The switch from Universal Analytics to GA4 is well underway, and as we all learn about these new metrics, adjust perspectives on how we measure success on our sites, and …
What a year 2020 has been.
It’s only mid-July, but the last four months have felt like a lifetime as the dynamics of our lives have been reshaped more profoundly than any other time in recent memory.
As the global pandemic and subsequent shutdowns became inevitable, our planet’s workforce retreated to the safety of home offices, and the way in which the world began to consume information changed dramatically.
From the onset, Mediavine has been asked for its thoughts on how this will affect not only web traffic in different categories, but the ability to monetize that traffic.
At Mediavine, we have the privilege of working with over 7,300 publishers in a variety of niches. With the last few months of data from those publishers under our belts, we can begin to analyze some of the changes to traffic habits as a result of COVID.
Mediavine’s Director of Business Intelligence, Cynthia Butler, has joined me in providing you some pretty amazing trends using data we’ve compiled —information from an unprecedented period that tells a story of our changing world in an incredibly interesting way.
For our first “Behind the Numbers” post, we’re looking at sessions — specifically, the number of sessions various publishers see on average per week, year over year.
This allows us to quickly analyze by category to determine if website traffic has increased or decreased compared to the previous year’s averages.
Using this graph, you can see that before the first wave of COVID-19 shutdowns in the U.S., year over year trends were pretty stable, showing around 0-3% growth overall.
The second week of March and the weeks that followed tell a much different story.
On average, our publishers saw a traffic explosion. More people at home meant more cooking instead of dining out, homeschooling was suddenly the norm, crafts spiked in popularity, home DIY projects became a necessity, and on and on.
The need for quality content on the web was at a premium, and it showed.
Family and Parenting
You can pretty much pinpoint the week in American life when we collectively said “we’d better find something for the kids to do for the next few months.”
Traffic was up a stunning 83.7% year over year at the peak of Covid shutdown hysteria in mid-March, slowly declining ever since to approximately what we were seeing a year ago.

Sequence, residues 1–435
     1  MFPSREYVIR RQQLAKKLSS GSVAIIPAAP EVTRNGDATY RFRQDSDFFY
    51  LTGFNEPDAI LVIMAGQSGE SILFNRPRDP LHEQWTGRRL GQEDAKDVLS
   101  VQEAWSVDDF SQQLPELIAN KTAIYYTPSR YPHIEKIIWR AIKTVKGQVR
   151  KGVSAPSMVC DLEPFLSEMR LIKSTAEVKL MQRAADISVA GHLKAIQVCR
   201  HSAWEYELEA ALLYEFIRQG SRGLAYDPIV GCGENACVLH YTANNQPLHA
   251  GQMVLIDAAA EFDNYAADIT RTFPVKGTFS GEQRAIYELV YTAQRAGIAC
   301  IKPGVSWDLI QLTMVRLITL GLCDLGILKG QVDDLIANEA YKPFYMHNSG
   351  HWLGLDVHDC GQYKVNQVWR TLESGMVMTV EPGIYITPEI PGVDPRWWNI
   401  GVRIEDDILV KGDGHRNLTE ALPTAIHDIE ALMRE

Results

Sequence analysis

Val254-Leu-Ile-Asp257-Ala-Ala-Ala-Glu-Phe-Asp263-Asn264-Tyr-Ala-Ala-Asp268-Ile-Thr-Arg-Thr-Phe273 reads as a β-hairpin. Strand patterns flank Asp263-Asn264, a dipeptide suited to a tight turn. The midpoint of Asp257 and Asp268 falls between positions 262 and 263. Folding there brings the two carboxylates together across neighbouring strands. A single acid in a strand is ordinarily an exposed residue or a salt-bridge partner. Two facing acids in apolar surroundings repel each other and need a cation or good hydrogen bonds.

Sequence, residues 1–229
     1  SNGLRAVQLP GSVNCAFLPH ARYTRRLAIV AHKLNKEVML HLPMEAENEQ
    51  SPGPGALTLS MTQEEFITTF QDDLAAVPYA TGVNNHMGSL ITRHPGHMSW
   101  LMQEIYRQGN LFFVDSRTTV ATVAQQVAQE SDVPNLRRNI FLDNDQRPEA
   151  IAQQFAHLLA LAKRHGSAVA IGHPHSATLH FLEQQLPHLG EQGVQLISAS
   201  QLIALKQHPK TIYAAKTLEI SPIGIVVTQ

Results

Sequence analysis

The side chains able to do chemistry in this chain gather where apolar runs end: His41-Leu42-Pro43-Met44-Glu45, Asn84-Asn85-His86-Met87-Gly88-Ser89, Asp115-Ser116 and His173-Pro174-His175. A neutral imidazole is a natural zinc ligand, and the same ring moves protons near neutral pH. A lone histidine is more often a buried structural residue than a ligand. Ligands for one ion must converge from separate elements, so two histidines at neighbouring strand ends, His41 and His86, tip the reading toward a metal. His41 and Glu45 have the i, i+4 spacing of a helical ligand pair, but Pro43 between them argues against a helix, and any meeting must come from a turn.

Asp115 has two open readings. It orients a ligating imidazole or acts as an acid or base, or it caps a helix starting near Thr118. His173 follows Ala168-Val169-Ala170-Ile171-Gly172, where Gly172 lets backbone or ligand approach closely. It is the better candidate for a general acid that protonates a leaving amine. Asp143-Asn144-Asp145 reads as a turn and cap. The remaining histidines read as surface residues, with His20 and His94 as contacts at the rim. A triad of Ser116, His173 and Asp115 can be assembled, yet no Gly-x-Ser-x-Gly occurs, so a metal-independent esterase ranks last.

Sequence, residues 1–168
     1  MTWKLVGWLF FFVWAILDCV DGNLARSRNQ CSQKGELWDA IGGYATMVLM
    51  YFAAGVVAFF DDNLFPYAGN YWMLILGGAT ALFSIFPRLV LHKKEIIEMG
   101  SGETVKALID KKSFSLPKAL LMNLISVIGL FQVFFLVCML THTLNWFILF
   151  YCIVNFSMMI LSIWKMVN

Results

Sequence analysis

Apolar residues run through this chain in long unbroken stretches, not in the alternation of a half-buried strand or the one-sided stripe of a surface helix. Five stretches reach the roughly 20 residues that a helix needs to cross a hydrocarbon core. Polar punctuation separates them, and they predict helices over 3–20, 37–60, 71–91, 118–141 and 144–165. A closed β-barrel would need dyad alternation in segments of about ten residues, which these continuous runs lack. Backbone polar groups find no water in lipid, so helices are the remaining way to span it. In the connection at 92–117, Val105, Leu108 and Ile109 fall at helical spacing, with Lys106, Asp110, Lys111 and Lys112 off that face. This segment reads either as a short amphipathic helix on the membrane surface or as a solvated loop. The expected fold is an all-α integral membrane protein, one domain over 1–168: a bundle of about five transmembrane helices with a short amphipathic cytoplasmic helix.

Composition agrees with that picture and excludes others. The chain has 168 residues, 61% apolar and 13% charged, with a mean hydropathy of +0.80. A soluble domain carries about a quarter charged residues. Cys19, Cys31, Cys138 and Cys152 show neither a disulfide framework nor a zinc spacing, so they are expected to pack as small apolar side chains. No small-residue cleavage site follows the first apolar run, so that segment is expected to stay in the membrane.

Now that summer is officially here, some summer camps are reopened, outdoor activities are increasing and the category is more or less in line with 2019 numbers.
What happens when the fall school year and cooler weather is upon us again remains to be seen, but March-June gave us an idea of what stay at home orders can lead to.
Food & Drink and Home & Garden
With fewer people willing to take the risk of venturing outside their homes for dinner, and more time on their hands to finally tackle those home repair projects, more and more online users sought out the knowledge and skills of our publishers.
Both the Food & Drink and Home & Garden categories peaked at more than double the traffic they saw from the same weeks in 2019.
The growth in these categories has shown some staying power, signaling that perhaps new lifestyles have developed as a result of spending more time at home.
Unfortunately, if not surprisingly, the Travel category saw the most significant drop in sessions per site as borders were closed and the travel industry came to a near standstill.
We saw sessions per site bottom out near the end of March as widespread shutdowns went into effect and both domestic and international travel slowed to a fraction of a year ago.
The good news is that these numbers have finally begun to climb, but as you can see, it’s slow going; they are still more than 40% down from this time last year.
It’s a mystery how long it will be until we’re truly living in a post-Covid world, but we can say for certain that when that day comes, everyone will need a vacation or 10.
So, please hang in there travel writers, because things will turn around, and when they do, your content is poised to make sure your earnings bounce back as well.
These are just a few highlights that scratch the surface, but they paint a clear picture of how internet users were consuming content during this strange time in our history.
We’ve included a fully interactive data table below, and invite you to poke around to see how different categories were affected since the beginning of the year.
Stay tuned for our next “By the Numbers” post, in which we’ll take a deep dive into how publisher RPMs were affected by COVID.
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